Federal Circuit: FDA Approval Required Before Biosimilar Applicant Provides 180-Day Notice
Biosimilars makers must have FDA approval of their product before giving the reference product manufacturer 180-day notice of first commercial marketing, the Federal Circuit Court of Appeals ruled last week — in a decision that bars Sandoz from marketing its Neupogen biosimilar until Sept. 2.
The court also concluded that the Biologics Price Competition and Innovation Act’s patent dispute resolution provisions — which require biosimilars makers to disclose the information in their aBLA within 20 days of filing an application with the FDA — are optional because the law also recognizes that some applicants will choose not to comply. In that case, the court notes, the brandmaker has the clear remedy of suing the biosimilars company for patent infringement.
“Because Sandoz took a path expressly contemplated by the BPCIA, it did not violate the BPCIA by not disclosing its aBLA and the manufacturing information by the deadline,” the Federal Circuit writes. Amgen eventually obtained the aBLA through discovery in the lawsuit.
Sandoz initially gave Amgen notice of its intent to market its Neupogen (filgrastim) biosimilar Zarxio in July 2014, after submitting an aBLA for the chemotherapy treatment that May. The German drugmaker gave notice again when it received FDA approval on March 6 of this year, saying it could go to market at the latest on Sept. 2.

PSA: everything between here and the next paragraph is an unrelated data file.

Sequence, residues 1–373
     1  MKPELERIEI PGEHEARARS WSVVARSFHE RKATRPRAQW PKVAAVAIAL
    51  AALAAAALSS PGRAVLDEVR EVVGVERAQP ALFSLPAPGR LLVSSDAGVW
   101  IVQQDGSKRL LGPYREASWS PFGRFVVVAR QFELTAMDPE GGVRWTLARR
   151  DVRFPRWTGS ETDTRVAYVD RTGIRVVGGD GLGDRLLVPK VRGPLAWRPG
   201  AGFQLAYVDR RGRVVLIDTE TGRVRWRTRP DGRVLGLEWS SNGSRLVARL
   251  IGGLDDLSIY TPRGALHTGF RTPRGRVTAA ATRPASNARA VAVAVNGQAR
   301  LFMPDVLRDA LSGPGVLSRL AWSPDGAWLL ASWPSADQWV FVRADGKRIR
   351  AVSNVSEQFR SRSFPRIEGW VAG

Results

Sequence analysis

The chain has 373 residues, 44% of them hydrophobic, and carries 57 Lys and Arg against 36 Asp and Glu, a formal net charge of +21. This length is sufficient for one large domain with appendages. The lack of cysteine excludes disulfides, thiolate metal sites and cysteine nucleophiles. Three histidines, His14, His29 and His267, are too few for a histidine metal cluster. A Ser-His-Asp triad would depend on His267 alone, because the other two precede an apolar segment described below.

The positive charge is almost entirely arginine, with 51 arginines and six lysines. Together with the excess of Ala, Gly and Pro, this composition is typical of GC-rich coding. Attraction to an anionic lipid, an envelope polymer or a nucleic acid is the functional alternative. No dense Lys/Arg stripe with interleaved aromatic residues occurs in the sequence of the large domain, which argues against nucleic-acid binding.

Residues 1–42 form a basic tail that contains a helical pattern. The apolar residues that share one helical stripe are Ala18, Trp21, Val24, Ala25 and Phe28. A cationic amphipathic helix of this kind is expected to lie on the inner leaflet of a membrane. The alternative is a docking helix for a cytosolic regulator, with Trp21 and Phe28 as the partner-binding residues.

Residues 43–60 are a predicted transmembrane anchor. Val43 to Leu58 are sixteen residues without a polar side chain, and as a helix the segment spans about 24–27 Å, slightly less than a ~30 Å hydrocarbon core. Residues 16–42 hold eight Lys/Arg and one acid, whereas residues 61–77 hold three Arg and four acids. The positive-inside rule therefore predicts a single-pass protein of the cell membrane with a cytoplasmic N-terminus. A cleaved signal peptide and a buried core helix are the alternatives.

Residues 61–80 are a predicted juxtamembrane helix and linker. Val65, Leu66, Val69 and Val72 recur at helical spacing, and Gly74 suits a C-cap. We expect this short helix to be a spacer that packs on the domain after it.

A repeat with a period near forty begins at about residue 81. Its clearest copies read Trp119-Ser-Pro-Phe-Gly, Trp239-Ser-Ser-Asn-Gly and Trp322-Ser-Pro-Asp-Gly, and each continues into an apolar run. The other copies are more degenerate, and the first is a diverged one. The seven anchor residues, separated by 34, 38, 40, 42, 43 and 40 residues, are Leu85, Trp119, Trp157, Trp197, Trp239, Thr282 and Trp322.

But the court disagreed, saying the earliest Sandoz can launch Zarxio (filgrastim-sndz) is Sept. 2, 180 days from March 6.
The decision in Amgen Inc. et al. v. Sandoz Inc. partially overturns a ruling in the U.S. District Court for the Northern District of California that had struck down Amgen’s bid to require Sandoz to provide the 180 days notice only after Zarxio had been approved.
Kurt Karst, an attorney with Hyman Phelps & McNamara says the Federal Circuit’s interpretation of the disclosure requirement will be used primarily by biosimilar applicants of older biological products, where there isn’t robust patent coverage, as opposed to new products, where the biosimilars maker and brandmaker would want to trim down and agree on a list of patents to be litigated.
Amgen declined to comment on a possible appeal. Sandoz could not be reached for comment by press time. — Jonathon Shacat